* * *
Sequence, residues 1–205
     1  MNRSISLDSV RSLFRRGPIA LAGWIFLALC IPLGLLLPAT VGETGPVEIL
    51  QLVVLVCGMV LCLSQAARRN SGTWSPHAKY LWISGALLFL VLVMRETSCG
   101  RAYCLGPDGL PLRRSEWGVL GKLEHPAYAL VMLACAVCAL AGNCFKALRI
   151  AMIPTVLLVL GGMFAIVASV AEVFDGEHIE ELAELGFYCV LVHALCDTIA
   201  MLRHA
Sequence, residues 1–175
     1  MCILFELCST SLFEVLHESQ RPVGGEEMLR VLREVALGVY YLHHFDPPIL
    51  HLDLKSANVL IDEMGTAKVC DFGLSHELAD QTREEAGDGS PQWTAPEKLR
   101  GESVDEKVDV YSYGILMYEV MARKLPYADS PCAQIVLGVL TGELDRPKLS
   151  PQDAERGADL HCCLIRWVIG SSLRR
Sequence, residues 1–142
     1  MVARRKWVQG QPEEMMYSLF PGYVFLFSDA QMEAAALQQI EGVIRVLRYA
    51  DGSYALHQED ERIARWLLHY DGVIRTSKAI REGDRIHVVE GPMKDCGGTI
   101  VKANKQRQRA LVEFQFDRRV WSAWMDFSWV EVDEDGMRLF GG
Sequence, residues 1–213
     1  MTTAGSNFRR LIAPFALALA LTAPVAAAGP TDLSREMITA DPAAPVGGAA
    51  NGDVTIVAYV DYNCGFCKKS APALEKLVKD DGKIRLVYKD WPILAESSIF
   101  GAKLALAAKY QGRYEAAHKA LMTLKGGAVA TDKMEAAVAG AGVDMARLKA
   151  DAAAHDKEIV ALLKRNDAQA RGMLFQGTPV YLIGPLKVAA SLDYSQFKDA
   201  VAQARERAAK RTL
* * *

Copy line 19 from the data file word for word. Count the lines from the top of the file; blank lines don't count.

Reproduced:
   101  GAKLALAAKY QGRYEAAHKA LMTLKGGAVA TDKMEAAVAG AGVDMARLKA